Markman hearing ruling in Affymetrix v. Illumina.
Santa Clara, CA 8/17/06; San Diego, CA 8/17/06 -- A US District
Court issued a Markman Order in Affymetrix's 2004 suit against
Illumina alleging infringement of six patents (see IBO 7/31/04). The
Markman hearing decided the construction of 15 words and phrases in the
patent claims. Affymetrix asserted that the court agreed with its
"proposed constructions for most terms and adopted only two of
Illumina's proposed constructions." Affymetrix also announced
that, in a separate decision, the Court had denied Illumina's
motion to dismiss Affymetrix's claims regarding US Patent No.
5,795,716 ("Computer-aided visualization and analysis system for
sequence evaluation"). "We are pleased with the Court's
Markman decision and look forward to proceeding to trial,"
commented Barbara Caulfield, Affymetrix's executive vice president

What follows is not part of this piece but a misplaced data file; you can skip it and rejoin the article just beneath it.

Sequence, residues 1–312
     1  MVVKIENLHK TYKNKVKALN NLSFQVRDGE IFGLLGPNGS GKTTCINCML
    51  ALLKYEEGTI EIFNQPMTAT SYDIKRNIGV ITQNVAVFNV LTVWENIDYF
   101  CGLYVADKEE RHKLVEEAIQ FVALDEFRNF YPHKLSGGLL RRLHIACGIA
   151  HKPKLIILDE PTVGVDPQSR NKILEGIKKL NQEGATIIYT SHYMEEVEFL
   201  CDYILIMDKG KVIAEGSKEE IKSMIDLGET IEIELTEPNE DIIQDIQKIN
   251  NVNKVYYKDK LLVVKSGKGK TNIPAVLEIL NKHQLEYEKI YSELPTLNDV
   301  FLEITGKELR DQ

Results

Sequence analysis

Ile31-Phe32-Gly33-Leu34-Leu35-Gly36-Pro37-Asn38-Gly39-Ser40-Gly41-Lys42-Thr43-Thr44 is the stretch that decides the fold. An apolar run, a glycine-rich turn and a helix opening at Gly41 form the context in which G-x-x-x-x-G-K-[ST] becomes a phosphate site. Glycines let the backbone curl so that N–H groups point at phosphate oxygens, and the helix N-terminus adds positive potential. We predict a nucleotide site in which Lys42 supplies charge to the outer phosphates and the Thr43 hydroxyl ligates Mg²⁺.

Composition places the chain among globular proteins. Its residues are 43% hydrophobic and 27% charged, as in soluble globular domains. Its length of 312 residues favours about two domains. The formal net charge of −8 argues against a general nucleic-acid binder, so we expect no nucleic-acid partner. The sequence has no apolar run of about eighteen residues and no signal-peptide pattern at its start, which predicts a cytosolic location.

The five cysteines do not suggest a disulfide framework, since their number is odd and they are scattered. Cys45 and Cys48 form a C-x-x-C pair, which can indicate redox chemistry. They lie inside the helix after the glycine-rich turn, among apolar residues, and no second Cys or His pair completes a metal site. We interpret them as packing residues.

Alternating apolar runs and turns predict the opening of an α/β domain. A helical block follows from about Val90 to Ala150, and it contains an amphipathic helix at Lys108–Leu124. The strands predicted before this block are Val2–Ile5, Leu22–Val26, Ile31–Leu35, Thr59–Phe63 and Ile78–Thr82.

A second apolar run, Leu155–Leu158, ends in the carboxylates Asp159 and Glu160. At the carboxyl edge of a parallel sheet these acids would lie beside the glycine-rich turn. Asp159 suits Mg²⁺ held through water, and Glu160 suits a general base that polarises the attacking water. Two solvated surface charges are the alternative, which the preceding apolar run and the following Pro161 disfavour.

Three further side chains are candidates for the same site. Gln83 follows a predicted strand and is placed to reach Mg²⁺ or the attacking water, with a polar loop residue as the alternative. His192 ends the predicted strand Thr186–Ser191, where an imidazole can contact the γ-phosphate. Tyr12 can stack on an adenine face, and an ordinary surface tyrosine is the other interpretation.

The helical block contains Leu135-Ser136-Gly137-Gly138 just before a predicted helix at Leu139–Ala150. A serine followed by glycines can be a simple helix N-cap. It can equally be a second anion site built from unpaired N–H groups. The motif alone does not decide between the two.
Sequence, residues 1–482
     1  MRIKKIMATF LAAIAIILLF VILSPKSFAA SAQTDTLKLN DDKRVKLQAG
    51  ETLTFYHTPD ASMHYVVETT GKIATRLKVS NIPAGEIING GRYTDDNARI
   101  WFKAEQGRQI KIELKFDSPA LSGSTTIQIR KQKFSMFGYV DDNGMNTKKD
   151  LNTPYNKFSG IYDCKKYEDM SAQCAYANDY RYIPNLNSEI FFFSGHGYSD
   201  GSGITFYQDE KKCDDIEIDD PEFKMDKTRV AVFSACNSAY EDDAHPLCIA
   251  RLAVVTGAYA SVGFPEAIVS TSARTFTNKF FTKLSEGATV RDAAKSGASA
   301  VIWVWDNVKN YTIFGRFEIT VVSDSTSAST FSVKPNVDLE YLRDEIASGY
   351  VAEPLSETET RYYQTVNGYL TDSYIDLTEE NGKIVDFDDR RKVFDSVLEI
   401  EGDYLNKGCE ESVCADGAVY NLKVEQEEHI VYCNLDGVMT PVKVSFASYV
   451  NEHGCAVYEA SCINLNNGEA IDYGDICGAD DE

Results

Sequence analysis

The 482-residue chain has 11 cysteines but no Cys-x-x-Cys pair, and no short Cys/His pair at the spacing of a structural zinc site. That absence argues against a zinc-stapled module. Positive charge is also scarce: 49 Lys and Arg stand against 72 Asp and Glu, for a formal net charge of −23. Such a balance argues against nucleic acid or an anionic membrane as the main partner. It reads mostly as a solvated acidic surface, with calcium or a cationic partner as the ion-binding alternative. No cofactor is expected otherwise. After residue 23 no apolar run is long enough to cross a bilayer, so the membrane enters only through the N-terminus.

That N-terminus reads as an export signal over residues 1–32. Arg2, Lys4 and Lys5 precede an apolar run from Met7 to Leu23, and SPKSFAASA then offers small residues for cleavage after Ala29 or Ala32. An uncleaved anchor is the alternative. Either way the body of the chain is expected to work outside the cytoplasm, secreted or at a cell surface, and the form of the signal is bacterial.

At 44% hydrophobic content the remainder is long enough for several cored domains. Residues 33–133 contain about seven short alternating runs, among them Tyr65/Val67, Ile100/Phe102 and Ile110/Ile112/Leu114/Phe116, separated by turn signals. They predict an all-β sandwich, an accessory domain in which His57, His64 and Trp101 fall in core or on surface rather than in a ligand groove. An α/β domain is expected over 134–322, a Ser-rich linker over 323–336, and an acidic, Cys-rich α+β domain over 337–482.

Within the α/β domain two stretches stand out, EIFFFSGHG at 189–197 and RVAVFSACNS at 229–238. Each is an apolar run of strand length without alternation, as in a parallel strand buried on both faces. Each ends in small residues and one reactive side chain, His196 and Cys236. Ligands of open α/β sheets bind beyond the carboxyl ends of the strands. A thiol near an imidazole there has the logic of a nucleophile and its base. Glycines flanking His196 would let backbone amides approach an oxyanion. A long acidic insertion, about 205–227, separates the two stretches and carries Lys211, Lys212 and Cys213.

and general counsel. Illumina announced that the Court's Markman
Order supported its interpretations of the terms. Illumina noted that
earlier this year, Affymetrix had withdrawn its allegations regarding US
Patent No. 6,607,887 ("Computer-aided visualization and analysis
system for sequence evaluation"), and that Illumina filed an
amended answer and counterclaim, alleging inequitable conduct, antitrust
violations and "unclean hands." Illumina CEO Jay Flatley
stated, "We believe this ruling supports our noninfringement and
invalidity positions and counterclaims in this case and we look forward
to obtaining favorable results to that effect." Trial is scheduled
to begin October 16.
According to Affymetrix, the court ruled that the patents are not
limited to in situ synthesis nor limited to probes chemically linked to
a single surface and are not limited to placement of probes at
predetermined locations. The patents under dispute are: US Patent No.
6,355,432 ("Products for detecting nucleic acids"); US Patent
No. 6,646,243 ("Nucleic acid reading and analysis system"); US
Patent No. 5,545,531 ("Methods for making a device for concurrently
processing multiple biological chip assays"); and US Patent No.
6,399,365 ("Bioarray chip reaction apparatus and its